So I am revisiting the friendship banks. Balancing the books. Inviting those people who have surprisingly emerged out of nowhere these past years to be in my circle of “firm official friends”. And articulating more clearly what guidelines I need in place for decades-old friendships that have been worn thin and yet that I still want to salvage. And waving goodbye to yet others with gratitude for the fun times we had when things were rosier.

Who knew that friendship needed contracts? Turns out mine do. At least for a while. And I believe I have the skills to help rewrite them.

About Emma Pearson

2 thoughts on “Rewriting Friendship Contracts

  1. Beautifully written; wonderful insights. And everyone of us who has ever been close friends with both partners of a couple, only to see them get divorced, has had to also rewrite friendship contracts. Some with more success than others. Sometimes we lean into rewriting friendship contracts with candor and courage and sometimes we cling to what was before and can no longer be. As always, thanks for sharing your wisdom, Emma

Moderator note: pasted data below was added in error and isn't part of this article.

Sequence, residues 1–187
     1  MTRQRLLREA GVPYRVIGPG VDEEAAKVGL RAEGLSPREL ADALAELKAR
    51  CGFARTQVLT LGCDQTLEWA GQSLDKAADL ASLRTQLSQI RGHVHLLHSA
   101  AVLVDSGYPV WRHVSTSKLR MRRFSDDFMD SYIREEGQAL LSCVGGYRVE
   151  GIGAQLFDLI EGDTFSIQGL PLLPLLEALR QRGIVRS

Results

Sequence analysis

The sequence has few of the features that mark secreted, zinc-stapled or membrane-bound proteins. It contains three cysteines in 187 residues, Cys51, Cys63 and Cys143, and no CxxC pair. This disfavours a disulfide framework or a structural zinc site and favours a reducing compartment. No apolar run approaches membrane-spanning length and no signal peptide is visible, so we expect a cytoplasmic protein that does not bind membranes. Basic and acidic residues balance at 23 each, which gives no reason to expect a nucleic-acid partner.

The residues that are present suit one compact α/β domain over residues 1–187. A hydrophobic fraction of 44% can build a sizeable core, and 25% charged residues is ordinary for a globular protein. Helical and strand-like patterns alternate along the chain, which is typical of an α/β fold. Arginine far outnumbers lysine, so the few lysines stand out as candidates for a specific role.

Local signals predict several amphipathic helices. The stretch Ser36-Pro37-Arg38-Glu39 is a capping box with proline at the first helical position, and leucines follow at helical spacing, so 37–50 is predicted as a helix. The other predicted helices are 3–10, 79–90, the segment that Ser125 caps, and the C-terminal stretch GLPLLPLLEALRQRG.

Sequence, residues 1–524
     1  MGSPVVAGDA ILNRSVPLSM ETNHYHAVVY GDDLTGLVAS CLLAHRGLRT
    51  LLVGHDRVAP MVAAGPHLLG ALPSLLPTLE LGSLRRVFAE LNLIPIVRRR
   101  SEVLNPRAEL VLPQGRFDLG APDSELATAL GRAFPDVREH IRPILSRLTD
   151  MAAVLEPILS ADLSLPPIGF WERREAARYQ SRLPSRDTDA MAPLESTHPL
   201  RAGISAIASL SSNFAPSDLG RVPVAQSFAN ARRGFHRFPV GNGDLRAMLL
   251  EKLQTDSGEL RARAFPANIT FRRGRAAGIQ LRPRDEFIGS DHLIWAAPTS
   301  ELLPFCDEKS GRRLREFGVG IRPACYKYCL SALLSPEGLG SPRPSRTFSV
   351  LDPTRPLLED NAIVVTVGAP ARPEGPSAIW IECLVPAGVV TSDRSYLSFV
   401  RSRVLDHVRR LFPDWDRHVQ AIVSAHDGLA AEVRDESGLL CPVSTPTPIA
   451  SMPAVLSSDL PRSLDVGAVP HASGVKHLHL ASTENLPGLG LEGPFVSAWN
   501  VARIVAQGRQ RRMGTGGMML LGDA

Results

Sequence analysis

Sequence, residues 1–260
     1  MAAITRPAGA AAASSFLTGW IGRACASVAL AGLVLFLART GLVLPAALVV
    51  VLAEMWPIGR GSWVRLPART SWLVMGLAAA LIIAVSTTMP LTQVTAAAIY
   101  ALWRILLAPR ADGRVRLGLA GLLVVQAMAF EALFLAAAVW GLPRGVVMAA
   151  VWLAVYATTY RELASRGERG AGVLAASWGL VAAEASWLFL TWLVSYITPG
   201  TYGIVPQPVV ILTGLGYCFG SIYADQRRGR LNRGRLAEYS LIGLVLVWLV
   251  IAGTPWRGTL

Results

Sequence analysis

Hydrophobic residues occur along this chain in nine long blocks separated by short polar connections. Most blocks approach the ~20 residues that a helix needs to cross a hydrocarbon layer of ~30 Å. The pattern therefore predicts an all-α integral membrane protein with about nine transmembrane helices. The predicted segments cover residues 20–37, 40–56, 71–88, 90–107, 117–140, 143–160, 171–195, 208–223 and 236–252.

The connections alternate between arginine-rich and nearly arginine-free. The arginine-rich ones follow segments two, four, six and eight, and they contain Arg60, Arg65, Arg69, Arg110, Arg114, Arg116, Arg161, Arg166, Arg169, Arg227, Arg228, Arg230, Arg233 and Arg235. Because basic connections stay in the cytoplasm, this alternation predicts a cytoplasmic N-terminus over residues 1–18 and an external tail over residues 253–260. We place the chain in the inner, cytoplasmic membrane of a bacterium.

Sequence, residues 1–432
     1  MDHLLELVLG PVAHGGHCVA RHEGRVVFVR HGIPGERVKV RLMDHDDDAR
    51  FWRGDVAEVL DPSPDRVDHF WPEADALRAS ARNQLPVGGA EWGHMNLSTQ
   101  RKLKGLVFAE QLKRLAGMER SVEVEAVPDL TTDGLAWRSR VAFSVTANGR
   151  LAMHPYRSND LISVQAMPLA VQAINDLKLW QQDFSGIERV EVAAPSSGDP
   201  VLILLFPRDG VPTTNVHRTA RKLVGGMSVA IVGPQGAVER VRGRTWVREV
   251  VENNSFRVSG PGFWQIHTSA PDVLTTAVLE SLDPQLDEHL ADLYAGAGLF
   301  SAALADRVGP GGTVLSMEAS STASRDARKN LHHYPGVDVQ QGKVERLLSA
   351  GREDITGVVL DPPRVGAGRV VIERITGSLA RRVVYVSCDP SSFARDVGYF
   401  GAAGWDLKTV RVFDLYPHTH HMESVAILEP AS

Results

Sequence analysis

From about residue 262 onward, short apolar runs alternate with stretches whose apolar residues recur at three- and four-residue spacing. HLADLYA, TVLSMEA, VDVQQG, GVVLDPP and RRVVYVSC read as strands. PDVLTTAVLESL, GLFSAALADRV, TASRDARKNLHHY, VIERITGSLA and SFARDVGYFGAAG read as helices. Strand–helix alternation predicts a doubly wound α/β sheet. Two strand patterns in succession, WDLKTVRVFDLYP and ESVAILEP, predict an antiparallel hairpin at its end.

2. Dear Emma,
    Thanks for all the fascinating writing. You have made me realise how very lucky I am. My partner is and always has been very difficult to live with but he is still HERE by my side. Oh yes he is aspergers, nearly blind and certainly more than half deaf and so impractical that he gets into a sweat if he sees a screwdriver. It took me 10 years to teach him to successfully change a light bulb…really… And I fear that he is starting mild dementia too. BUT HE IS HERE and I am so lucky to still have him and you have made me realise how precious that is. Someone in the bed beside you at night (he snores but what the shit), someone who brings me a lovely cup of coffee in bed in the morning, And many other things we do together after 34 years of partnership. Thank you so much for your outpourings. Think of you often.